Fossil fuel protesters charged after tomato soup thrown on Van Gogh’s ‘Sunflowers’ in London gallery


Written by By Christian EdwardsDuarte Mendonca, CNNLondon

Two anti-fossil fuel protesters who were filmed throwing tomato soup on Van Gogh’s “Sunflowers” in a London gallery Friday have been charged with criminal damage offenses.

The two young women from the campaign group Just Stop Oil threw the contents of two tins of Heinz tomato soup over the painting, which, the group said, has an estimated value of $84.2 million.

In this image released by the Just Stop Oil organization, two women are seen standing in front of Van Gogh’s “Sunflowers” (1888). Credit: from Just Stop Oil

They then glued themselves to the wall beneath the painting at the National Gallery. In a statement posted on Twitter Friday, the gallery confirmed the incident in Room 43, where “Sunflowers” was displayed, and gave an update on its condition.
“There is some minor damage to the frame but the painting is unharmed,” it said. In a subsequent tweet, the gallery explained that the painting was glazed and therefore protected.

A third associate was also charged over a separate attack on the iconic “New Scotland Yard” sign that stands outside London’s main police headquarters, the Metropolitan Police said.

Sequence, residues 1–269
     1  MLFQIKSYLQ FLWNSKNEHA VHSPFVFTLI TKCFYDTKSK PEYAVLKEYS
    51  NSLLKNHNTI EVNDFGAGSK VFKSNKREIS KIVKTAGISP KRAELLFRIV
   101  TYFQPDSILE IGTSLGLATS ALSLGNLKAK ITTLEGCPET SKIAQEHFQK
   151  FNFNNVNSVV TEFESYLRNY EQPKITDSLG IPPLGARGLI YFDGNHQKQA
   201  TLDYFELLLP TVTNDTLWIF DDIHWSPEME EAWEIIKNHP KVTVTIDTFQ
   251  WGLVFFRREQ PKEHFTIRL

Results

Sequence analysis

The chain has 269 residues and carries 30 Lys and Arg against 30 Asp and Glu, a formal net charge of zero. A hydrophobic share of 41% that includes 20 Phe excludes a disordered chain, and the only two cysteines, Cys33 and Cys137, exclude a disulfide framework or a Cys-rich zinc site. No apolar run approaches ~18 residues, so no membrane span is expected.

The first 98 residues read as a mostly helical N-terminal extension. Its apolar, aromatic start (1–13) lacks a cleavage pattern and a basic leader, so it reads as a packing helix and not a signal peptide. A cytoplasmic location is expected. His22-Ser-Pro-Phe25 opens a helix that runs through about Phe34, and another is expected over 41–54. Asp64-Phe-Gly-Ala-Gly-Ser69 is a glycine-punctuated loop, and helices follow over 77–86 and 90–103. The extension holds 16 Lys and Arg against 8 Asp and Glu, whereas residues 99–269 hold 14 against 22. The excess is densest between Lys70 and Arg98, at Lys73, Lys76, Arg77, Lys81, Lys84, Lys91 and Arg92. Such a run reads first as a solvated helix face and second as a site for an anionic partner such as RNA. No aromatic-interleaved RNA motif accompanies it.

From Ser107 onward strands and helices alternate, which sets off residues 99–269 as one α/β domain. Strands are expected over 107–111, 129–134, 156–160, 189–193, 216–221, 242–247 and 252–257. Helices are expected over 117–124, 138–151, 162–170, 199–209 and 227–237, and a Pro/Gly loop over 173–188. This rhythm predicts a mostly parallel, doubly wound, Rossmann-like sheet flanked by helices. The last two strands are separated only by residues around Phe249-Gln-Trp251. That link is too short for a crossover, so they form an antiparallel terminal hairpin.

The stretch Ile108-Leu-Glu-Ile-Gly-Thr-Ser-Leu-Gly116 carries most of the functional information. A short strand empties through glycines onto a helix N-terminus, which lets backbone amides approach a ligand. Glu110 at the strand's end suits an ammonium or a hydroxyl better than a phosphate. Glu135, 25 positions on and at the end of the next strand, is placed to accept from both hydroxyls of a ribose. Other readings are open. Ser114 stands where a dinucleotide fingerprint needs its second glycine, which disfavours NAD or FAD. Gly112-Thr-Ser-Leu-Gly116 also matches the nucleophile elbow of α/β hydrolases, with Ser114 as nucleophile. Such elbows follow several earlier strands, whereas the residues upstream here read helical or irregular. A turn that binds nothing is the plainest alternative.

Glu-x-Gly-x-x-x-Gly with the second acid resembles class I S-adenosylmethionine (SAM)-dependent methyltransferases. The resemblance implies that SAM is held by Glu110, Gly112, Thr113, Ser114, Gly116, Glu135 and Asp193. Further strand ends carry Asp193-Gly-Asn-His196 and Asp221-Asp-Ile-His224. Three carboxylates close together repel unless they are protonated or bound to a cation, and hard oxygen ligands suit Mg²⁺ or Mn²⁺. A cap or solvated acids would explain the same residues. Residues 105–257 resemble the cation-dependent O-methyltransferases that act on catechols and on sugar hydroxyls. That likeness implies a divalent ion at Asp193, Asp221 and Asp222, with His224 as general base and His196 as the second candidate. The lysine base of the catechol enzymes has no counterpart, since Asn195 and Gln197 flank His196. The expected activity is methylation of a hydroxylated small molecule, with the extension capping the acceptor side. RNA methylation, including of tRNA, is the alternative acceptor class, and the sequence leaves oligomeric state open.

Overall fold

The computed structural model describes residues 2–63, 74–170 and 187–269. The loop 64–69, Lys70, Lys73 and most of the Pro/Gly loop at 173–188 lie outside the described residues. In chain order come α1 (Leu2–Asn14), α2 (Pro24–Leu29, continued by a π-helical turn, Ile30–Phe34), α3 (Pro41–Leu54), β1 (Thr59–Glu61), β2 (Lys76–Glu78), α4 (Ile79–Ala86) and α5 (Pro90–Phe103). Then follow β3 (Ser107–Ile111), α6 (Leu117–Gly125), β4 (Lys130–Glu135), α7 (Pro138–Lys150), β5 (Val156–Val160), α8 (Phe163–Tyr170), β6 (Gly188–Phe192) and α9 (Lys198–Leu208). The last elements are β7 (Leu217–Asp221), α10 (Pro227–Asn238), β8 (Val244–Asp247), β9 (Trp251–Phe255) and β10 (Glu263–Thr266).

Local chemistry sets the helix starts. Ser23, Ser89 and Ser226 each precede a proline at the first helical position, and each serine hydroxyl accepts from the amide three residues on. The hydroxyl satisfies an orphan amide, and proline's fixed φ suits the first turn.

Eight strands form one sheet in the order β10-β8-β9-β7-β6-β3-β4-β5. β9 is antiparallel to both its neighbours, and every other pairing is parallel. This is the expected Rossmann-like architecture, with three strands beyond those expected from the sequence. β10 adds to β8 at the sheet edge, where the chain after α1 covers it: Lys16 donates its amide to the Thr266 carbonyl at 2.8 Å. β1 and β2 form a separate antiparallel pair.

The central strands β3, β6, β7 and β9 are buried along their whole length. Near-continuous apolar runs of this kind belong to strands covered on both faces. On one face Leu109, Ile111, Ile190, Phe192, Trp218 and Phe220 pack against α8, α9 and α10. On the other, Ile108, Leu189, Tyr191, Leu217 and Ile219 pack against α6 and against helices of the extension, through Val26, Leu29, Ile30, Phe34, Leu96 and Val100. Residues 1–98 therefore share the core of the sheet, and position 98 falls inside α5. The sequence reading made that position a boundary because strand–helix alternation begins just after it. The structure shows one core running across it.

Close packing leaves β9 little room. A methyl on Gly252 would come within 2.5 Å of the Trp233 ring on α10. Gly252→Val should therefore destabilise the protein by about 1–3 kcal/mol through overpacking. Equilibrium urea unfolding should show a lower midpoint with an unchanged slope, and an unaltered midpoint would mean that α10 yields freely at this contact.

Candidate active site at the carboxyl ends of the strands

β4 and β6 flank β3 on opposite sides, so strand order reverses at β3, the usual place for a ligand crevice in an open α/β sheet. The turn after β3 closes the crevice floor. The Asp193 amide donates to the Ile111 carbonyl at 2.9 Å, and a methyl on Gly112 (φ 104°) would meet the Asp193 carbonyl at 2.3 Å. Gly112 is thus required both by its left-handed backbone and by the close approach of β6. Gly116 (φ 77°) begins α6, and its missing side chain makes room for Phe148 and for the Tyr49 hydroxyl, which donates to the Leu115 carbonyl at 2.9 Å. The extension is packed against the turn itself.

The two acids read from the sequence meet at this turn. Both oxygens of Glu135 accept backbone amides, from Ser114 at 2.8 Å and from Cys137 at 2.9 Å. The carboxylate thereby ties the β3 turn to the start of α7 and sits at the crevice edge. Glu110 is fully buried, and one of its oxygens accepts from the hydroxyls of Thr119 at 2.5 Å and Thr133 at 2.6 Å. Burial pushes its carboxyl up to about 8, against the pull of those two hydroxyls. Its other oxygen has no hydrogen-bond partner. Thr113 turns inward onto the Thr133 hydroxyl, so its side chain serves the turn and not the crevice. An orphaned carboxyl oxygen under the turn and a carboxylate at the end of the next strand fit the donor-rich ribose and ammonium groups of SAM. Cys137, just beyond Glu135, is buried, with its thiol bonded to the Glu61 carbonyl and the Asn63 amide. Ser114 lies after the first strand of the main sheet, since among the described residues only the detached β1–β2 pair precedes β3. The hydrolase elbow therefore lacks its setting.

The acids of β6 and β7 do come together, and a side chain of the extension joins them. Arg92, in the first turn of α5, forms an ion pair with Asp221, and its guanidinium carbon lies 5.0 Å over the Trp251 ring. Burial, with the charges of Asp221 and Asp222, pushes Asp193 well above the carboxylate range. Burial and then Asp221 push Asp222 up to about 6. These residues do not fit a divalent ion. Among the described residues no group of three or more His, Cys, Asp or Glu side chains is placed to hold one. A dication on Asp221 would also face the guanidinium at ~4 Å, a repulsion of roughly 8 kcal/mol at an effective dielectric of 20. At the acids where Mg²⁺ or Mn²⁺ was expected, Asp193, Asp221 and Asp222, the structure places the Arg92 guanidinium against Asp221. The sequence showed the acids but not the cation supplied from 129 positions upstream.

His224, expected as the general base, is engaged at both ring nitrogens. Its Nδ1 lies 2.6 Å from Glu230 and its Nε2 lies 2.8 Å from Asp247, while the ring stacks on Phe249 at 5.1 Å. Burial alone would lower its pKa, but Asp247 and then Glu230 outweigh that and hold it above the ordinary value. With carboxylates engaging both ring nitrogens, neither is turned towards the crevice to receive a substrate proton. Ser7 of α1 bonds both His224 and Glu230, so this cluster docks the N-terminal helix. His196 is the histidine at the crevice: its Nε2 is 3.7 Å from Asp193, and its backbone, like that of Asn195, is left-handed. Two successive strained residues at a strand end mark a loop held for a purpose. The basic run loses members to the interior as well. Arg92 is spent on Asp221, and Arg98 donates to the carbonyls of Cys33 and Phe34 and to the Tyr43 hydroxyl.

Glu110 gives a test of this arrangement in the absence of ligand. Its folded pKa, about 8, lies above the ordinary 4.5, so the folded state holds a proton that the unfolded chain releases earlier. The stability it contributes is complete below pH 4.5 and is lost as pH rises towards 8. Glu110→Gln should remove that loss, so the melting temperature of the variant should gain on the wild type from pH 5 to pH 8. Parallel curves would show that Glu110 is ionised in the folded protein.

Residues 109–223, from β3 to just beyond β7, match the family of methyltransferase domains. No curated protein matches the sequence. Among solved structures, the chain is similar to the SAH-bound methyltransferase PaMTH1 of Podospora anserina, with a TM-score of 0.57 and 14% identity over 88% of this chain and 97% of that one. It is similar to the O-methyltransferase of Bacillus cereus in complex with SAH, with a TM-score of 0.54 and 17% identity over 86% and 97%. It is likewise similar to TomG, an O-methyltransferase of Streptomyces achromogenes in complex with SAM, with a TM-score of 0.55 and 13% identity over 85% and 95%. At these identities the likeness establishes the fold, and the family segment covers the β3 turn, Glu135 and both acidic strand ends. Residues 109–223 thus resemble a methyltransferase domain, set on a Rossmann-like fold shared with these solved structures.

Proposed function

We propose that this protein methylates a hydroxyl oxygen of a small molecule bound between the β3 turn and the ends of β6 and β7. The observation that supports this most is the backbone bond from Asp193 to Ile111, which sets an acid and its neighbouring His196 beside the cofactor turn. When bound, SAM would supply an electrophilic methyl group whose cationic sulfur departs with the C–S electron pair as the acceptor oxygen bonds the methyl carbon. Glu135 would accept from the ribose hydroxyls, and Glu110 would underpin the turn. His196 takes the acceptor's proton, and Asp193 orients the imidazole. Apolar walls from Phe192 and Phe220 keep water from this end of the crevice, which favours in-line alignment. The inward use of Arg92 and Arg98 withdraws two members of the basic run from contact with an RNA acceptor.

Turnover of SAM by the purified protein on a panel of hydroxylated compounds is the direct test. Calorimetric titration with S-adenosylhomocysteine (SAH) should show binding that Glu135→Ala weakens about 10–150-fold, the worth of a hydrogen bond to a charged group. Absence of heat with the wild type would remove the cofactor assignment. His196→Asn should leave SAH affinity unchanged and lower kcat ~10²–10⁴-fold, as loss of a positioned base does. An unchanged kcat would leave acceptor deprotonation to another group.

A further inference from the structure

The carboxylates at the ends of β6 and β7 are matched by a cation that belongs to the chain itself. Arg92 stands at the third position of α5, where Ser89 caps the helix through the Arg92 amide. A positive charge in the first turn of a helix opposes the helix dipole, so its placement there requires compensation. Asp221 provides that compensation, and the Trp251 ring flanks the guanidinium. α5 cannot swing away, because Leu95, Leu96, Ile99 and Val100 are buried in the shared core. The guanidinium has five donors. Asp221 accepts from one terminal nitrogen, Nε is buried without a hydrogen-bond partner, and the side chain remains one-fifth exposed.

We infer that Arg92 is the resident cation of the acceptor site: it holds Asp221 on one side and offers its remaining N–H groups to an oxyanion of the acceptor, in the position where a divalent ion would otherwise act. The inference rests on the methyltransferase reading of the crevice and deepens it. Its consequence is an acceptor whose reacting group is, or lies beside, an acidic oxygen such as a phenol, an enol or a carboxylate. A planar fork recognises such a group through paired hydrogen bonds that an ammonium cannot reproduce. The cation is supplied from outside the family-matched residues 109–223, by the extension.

The three people are all associated with Just Stop Oil, which represents a coalition of groups working together to stop the UK government from committing to new licenses concerning the exploration, development and production of fossil fuels.

A total of 28 arrests were made in relation to protests in central London on Friday. The 25 other people have been bailed pending further enquiries, according to the statement.

Friday’s incident is the latest in a series of protests targeting famous works of art in a bid to draw attention to the role of fossil fuels in climate change. In July, members of Just Stop Oil glued themselves to a copy of Leonardo da Vinci’s “The Last Supper” at the Royal Academy of Art in London.
The same month, activists from the group glued themselves to a masterpiece held in the National Gallery, while members of an Italian climate activist organization glued themselves to Botticelli’s “Primavera” in Florence.
School children look at 'Sunflowers' (1888) by Vincent van Gogh at Tate Britain in London on March 25, 2019.

School children look at ‘Sunflowers’ (1888) by Vincent van Gogh at Tate Britain in London on March 25, 2019. Credit: Victoria Jones/PA Wire/AP

On Sunday, climate activists from Extinction Rebellion were arrested for gluing themselves to Picasso’s “Massacre in Korea” at the National Gallery of Victoria in Melbourne.

According to a statement, Just Stop Oil timed Friday’s act “to coincide with the planned launch of a new round of oil and gas licensing” in the UK.



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